Spoiler Scale: (How spoilery is this article on a scale of 1 to 10?): 3
Based on the preview, I expected Sarah Polley’s documentary about her family to be cutesy and self-absorbed. The kitschy piano score, the purposefully low quality video, and the idea of Polley spending 108 minutes exposing her family’s salacious secrets kept my expectations low.
I was wrong. It was really, really good.
The preview reveals that the film chronicles Polley’s paternity inquiry and suggests that, in the process, she may cast her mom in an unflattering light – posthumously <cringe>. But somehow this film addresses the issues with both brutal honesty and gentle care for all involved.
Polley is democratic and transparent in her approach. The film has no agenda and Polley makes no effort to manipulate the narrative. She interviews every involved person who’s still alive – whether they were intimately or tangentially involved – and gives no particular weight to any version. Not all of the participants agree with this approach, but Polley trusts the audience to navigate the information she provides. And she reinforces that her work is raw and candid by not editing out pre-interview test shots and re-dos of her father’s voice overs.
Her family members are an extraordinarily thoughtful, articulate bunch. The film opens with a voice-over in which Polley’s father quotes Margaret Atwood, “When you’re in the middle of a story, it isn’t a story at all.” And goes on to explain how chaotic and confusing a story can be while you’re living it. It’s only afterward that you’re able to view it as a story that you tell yourself, or others.
I can’t share too much about the other honest, yet caring and truthful things that are said without getting spoilery, but I will mention that the younger of her sisters unselfishly puts herself in her mother’s shoes, and that her Dad shows a remarkable empathy and generosity of spirit. I came away from this loving her family just a little.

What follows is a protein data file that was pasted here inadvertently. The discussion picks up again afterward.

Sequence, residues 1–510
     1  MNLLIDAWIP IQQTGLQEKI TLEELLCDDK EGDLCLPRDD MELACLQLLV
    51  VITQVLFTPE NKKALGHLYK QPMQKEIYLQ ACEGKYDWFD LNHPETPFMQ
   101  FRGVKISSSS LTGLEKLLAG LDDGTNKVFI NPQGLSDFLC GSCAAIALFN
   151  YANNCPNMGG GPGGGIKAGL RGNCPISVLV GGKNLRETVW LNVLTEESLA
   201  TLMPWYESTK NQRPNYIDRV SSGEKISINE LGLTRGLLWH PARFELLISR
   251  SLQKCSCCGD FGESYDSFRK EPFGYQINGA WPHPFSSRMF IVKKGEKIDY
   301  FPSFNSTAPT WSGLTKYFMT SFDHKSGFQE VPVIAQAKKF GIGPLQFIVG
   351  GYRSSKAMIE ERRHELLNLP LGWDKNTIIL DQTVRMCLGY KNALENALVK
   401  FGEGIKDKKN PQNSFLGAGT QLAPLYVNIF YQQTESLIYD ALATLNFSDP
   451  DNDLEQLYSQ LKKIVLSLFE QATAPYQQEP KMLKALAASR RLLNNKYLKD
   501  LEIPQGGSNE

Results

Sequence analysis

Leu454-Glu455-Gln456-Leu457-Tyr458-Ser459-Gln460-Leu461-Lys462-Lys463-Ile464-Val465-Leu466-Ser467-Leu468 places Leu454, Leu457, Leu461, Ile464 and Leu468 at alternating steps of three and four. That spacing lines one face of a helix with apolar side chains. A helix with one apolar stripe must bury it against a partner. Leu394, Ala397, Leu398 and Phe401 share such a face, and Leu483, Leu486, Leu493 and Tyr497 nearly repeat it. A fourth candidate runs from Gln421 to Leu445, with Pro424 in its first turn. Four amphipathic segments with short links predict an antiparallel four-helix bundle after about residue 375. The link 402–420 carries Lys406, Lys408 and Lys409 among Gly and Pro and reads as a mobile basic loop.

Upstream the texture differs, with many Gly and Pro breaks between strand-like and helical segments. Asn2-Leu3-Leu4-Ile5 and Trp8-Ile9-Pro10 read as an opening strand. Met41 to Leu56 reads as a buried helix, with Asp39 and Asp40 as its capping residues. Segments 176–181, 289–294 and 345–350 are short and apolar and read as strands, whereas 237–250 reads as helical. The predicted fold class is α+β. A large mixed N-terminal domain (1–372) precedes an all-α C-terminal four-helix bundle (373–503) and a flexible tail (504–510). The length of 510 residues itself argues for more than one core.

The big hole in the documentary is that Diane Polley’s voice is missing, as she died when Sarah was a child. This leaves many unanswered questions. This is no Rashomon – the interviews line up on what happened – but we don’t know why she made critical decisions, or how she felt about those decisions or the people most closely involved. We don’t even know enough about her to guess how she’d feel about Sarah’s journey, discovery, or the aftermath.
For me, this didn’t detract from the movie. I lost my mom at the exact same age Polley did, and I sense in her the same curiosity that I have. She was too young to really know her mom, not as she would if she’d known her as an older child or as an adult. And I saw Polley trying to learn more about who her mom was by talking to those who knew her best, and trying to re-create her the best she could based on that information. To finally know her. And for me, that added poignancy.
Overall, I think Polley’s documentary is interesting and accessible because it’s not just about the story she’s telling. It’s about people, the choices they make, and the effect those decisions have on family and loved ones. It’s particularly worthwhile because of its unflinchingly raw, yet compassionate look at the human condition: the innocent, the betrayed, and those who made questionable choices. While decisions themselves may be judged as good or bad, there are no clear-cut good-guys or bad-guys in this film – just people with flaws (like most of us) doing their best to find happiness. Right or wrong.
BTW, be sure not to miss the bonus scene that plays after the credits roll.